Saturday, June 17, 2006

Our Field of Battle

For the Lord your God is he that goeth with you, to fight for you against your enemies, to save you. (Deuteronomy 20:4)

We have no enemies but the enemies of God. Our fights are not against men but against spiritual wickednesses. We war with the devil and the blasphemy and error and despair which he brings into the field of battle. We fight with all the armies of sin—impurity, drunkenness, oppression, infidelity, and ungodliness. With these we contend earnestly, but not with sword or spear; the weapons of our warfare are not carnal.

Jehovah, our God, abhors everything which is evil, and, therefore, He goeth with us to fight for us in this crusade. He will save us, and He will give us grace to war a good warfare and win the victory. We may depend upon it that if we are on God's side God is on our side. With such an august ally the conflict is never in the least degree doubtful. It is not that truth is mighty and must prevail but that might lies with the Father who is almighty, with Jesus who has all power in heaven and in earth, and with the Holy Spirit who worketh His will among men.

Soldiers of Christ, gird on your armor. Strike home in the name of the God of holiness, and by faith grasp His salvation. Let not this day pass without striking a blow for Jesus and holiness
CH Spurgeon

Episcopalians to Choose New Leader
Saturday June 17, 2006 9:46 PM
AP Religion Writer

COLUMBUS, Ohio (AP) - The Episcopal General Convention is choosing a new presiding bishop during a critical meeting on its future in the global Anglican family.

Seven candidates to become chief pastor were introduced to delegates Saturday, one day ahead of the election, in a short session without any comment from the nominees. Presiding Bishop Frank Griswold is ending his nine-year term.

The candidates are Bishop Edwin Gulick of Kentucky; Bishop Stacy Sauls of Lexington, Ky., which is a separate diocese; Bishop Charles Jenkins of Louisiana; Bishop Neil Alexander of Atlanta; Nevada Bishop Katharine Jefferts Schori; Alabama Bishop Henry Parsley and Bishop Francisco Duque-Gomez of the Episcopal Church in Colombia, which is part of the U.S. church.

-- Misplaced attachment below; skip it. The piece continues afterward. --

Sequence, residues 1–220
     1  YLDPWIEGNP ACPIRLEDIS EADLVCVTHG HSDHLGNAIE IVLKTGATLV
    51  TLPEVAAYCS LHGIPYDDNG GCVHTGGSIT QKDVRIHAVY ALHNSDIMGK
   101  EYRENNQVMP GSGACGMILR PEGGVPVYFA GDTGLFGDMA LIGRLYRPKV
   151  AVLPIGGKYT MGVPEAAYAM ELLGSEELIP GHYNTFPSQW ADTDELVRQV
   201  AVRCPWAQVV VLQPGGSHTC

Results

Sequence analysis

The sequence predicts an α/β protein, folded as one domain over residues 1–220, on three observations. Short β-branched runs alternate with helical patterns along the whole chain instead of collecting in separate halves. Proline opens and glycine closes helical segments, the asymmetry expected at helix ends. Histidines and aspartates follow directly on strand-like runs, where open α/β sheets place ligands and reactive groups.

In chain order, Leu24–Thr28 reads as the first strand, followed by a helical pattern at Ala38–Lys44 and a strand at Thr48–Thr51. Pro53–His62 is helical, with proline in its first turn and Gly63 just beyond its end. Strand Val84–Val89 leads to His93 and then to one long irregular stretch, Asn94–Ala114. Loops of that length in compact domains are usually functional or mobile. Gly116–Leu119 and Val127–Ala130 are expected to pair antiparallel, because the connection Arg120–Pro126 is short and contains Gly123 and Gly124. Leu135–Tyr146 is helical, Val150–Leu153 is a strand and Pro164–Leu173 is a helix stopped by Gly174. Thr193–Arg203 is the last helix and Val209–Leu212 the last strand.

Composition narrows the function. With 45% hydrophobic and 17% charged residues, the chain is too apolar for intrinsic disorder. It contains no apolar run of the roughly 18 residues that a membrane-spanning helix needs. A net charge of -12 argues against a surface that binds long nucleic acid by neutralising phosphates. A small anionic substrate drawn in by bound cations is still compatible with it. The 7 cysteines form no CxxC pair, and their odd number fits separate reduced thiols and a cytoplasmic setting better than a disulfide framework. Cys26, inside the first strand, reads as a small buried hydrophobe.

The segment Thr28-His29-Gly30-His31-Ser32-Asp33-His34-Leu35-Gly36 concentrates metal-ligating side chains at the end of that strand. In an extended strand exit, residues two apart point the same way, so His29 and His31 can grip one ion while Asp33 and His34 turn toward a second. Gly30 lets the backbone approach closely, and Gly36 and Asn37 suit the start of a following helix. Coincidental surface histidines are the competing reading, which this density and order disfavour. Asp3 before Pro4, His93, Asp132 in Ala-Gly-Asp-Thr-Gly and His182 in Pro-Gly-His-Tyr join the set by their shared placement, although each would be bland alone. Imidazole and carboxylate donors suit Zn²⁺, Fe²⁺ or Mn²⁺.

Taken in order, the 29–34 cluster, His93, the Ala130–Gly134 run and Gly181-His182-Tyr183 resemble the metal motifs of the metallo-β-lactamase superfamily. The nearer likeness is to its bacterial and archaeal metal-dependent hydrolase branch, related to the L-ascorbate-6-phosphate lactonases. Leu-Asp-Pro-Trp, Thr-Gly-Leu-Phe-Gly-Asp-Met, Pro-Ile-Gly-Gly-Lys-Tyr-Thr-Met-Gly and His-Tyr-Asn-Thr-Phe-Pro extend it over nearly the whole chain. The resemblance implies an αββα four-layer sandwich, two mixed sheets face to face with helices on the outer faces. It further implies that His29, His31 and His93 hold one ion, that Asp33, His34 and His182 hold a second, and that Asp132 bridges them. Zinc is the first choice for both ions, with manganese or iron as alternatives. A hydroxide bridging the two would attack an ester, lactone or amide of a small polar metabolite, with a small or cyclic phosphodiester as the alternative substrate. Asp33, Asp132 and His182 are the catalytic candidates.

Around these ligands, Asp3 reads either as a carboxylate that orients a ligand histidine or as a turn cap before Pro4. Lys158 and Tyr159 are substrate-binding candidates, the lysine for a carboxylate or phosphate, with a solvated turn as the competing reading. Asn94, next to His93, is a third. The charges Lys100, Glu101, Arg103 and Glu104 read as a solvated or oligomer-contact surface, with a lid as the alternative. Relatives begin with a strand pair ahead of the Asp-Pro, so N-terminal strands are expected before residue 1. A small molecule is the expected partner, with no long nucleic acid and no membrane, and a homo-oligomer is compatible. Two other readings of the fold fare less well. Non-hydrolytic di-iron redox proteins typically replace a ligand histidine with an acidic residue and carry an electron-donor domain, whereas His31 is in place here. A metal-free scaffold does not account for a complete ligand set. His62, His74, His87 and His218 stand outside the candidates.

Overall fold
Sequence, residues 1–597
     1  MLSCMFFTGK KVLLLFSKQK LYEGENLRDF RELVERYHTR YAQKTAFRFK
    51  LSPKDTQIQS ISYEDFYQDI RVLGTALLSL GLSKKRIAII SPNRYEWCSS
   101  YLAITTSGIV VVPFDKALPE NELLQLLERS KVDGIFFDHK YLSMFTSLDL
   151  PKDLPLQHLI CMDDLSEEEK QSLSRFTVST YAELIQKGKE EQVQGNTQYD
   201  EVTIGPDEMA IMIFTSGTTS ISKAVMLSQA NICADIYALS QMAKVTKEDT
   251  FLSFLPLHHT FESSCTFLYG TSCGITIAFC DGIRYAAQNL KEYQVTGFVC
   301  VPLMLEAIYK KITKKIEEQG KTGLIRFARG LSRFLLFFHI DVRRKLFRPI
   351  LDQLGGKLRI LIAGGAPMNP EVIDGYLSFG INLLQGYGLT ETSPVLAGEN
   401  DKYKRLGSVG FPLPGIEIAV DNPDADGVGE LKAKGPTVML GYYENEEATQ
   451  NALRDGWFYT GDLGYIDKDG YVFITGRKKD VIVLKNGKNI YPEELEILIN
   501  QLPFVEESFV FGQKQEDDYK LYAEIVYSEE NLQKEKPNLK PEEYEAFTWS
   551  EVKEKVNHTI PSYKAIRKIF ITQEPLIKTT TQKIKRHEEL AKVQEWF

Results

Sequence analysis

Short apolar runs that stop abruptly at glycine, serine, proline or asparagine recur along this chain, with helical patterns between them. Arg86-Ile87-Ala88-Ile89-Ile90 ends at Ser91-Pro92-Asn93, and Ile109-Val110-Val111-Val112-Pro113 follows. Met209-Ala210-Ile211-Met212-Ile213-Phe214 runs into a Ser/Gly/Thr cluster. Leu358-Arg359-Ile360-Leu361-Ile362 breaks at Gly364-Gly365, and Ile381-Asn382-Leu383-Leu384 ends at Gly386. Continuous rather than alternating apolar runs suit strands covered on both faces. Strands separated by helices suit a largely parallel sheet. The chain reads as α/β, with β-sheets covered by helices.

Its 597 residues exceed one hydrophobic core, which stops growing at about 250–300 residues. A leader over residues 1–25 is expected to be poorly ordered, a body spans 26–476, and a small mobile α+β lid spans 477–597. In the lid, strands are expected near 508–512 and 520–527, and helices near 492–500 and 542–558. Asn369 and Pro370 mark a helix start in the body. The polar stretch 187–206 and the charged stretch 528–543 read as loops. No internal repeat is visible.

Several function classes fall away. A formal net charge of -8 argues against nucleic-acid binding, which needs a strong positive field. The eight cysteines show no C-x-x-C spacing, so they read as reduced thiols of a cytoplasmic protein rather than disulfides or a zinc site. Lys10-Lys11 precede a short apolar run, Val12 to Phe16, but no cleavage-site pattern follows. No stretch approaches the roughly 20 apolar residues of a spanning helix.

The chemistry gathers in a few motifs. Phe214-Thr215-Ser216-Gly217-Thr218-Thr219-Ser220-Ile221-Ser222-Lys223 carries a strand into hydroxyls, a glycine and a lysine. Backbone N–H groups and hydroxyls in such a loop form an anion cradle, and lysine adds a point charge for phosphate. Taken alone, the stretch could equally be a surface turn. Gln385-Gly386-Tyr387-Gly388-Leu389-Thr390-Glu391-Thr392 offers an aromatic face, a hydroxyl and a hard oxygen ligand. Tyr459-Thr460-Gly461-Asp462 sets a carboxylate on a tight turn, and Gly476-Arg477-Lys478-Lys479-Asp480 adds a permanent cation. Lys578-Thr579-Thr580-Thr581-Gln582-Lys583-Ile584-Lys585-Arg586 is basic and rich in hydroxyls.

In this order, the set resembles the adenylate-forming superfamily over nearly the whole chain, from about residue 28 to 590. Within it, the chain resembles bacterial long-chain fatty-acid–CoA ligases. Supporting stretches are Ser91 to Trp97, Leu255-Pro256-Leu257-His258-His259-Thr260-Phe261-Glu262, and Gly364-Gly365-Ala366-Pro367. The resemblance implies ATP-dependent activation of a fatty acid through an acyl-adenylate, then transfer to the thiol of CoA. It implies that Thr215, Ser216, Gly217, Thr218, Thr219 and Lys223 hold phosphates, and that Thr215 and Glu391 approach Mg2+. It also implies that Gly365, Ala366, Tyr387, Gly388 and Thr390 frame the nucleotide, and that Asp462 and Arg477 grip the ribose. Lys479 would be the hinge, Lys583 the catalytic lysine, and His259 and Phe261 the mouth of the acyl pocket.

the rest

COLUMBUS, OH: The Episcopal Church Is Now That "Gay Church,' Says AAC Leader
Faithful will find it increasingly hard to remain in ECUSA after convention, Anderson says
By David W. Virtue

Even as the Episcopal General Convention's full response to the wider Anglican Communion remains at this point incomplete, the president of the American Anglican Council (AAC) sees no turnaround in ECUSA's pursuit of the homosexual agenda, noting that nationally the denomination is now known as "the gay church."

"To have a sexual agenda attached to the church is truly unfortunate. When neighbors ask what church you belong too, there is a catch in your throat, you tell them, and then wait for a response. 'Isn't that the gay church of Gene Robinson?' And then you have to explain that that is not my personal belief."
the rest at Virtueonline

Split now inevitable, saving miracle'
Saturday, 17 June 2006
Ruth Gledhill weblog

First it was John Sentamu, then Rowan Williams in a message read by Sentamu, then Tom Wright. Now the Bishop of Rochester Dr Michael Nazir-Ali has caused a stir with a strong sermon at GenCon06. Yet as the final version of the key Windsor resolution shows, and as others also reveal, The Episcopal Church is bent on going its own way. The Church of England's most senior leaders have done their best to save their daughter church from schism. Sadly, their best, it seems, has not been enough. The Classical Anglican GenCon weblog, named best weblog of the convention by the BBC, reports the latest developments.